Of all things to be picky about, an eraser might not be at the top of the list. But lots of erasers don’t get the job done. Children can easily rip assigned papers while erasing their work, or have difficulty erasing traces of their work at all.

The Staedtler Mars Plastic Erasers work effectively and leaves very little residue behind. A 4-pack sells for $6.79 at Staples.

More pro tips

  • Check with your schools before buying products, since some supplies can be banned because they introduce chemicals in the classroom. “Parents should be aware of school and district policies on things like Clorox wipes (not allowed on my campus) and hand sanitizer (not allowed in my kid’s classroom),” writes Anderson.
  • Take a list before heading to a doorbuster sale. Big-box chains like Target, Walmart and Office Depot often carry school supplies that are cheaper than other stores, and advertise “door-buster” deals. Folders and glue are sold for mere pennies in the beginning of the school year, encouraging some people to stock up. But remember that these discounts are intended to get shoppers to the store with the hope they will also buy other products that attract them. Think: Disney themed backpacks that light up, one gallon of Elmer’s glue to make slime, and rose gold office supplies. Shop with restraint.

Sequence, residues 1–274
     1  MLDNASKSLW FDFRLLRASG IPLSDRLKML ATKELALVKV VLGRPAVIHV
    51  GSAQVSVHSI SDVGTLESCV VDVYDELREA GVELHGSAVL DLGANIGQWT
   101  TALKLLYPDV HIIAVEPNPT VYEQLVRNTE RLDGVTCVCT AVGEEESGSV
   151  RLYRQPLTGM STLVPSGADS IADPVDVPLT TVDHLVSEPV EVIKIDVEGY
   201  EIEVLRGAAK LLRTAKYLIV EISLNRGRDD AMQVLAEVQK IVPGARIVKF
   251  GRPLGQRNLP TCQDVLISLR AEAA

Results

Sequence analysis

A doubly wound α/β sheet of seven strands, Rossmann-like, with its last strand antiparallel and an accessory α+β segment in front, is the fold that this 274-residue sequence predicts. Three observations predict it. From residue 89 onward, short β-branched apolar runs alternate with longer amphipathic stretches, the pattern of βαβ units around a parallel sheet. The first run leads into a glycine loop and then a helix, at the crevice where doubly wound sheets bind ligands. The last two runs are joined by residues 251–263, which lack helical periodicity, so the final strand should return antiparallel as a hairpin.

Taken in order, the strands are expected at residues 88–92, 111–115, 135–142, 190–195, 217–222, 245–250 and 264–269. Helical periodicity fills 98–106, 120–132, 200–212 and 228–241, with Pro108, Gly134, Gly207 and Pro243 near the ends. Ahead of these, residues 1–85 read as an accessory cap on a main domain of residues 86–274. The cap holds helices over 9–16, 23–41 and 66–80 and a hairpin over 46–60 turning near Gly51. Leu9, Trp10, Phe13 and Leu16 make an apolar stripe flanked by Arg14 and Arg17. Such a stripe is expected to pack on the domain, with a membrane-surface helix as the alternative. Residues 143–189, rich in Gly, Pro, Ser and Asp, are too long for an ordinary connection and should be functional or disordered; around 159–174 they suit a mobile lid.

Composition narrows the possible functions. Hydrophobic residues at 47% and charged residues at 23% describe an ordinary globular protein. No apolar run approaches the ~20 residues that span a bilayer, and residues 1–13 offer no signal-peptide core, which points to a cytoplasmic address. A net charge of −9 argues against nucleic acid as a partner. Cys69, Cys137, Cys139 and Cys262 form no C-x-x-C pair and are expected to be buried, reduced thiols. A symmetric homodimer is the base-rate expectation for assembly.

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Sawsan Morrar covers school accountability and culture for The Sacramento Bee. She grew up in Sacramento and is an alumna of UC Berkeley Graduate School of Journalism. She previously freelanced for various publications including The Washington Post, Vice, KQED and Capital Public Radio.